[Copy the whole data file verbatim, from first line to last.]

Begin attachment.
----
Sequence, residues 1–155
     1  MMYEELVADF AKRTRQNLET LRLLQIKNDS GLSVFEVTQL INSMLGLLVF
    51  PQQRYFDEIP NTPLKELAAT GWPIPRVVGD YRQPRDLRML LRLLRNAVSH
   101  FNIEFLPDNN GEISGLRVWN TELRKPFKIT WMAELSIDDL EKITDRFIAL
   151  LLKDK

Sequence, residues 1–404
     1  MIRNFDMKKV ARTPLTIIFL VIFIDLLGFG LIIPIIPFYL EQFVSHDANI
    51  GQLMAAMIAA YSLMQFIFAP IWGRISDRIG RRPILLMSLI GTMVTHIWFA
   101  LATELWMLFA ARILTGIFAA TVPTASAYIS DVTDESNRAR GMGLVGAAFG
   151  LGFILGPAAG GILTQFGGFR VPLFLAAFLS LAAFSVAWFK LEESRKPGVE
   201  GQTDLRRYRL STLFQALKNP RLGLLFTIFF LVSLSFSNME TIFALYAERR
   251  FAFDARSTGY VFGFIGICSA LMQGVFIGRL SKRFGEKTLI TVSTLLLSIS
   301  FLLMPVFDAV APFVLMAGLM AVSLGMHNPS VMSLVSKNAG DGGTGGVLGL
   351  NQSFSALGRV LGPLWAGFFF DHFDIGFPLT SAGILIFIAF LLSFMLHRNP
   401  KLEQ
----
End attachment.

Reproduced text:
Sequence, residues 1–155
     1  MMYEELVADF AKRTRQNLET LRLLQIKNDS GLSVFEVTQL INSMLGLLVF
    51  PQQRYFDEIP NTPLKELAAT GWPIPRVVGD YRQPRDLRML LRLLRNAVSH
   101  FNIEFLPDNN GEISGLRVWN TELRKPFKIT WMAELSIDDL EKITDRFIAL
   151  LLKDK

Sequence, residues 1–404
     1  MIRNFDMKKV ARTPLTIIFL VIFIDLLGFG LIIPIIPFYL EQFVSHDANI
    51  GQLMAAMIAA YSLMQFIFAP IWGRISDRIG RRPILLMSLI GTMVTHIWFA
   101  LATELWMLFA ARILTGIFAA TVPTASAYIS DVTDESNRAR GMGLVGAAFG
   151  LGFILGPAAG GILTQFGGFR VPLFLAAFLS LAAFSVAWFK LEESRKPGVE
   201  GQTDLRRYRL STLFQALKNP RLGLLFTIFF LVSLSFSNME TIFALYAERR
   251  FAFDARSTGY VFGFIGICSA LMQGVFIGRL SKRFGEKTLI TVSTLLLSIS
   301  FLLMPVFDAV APFVLMAGLM AVSLGMHNPS VMSLVSKNAG DGGTGGVLGL
   351  NQSFSALGRV LGPLWAGFFF DHFDIGFPLT SAGILIFIAF LLSFMLHRNP
   401  KLEQ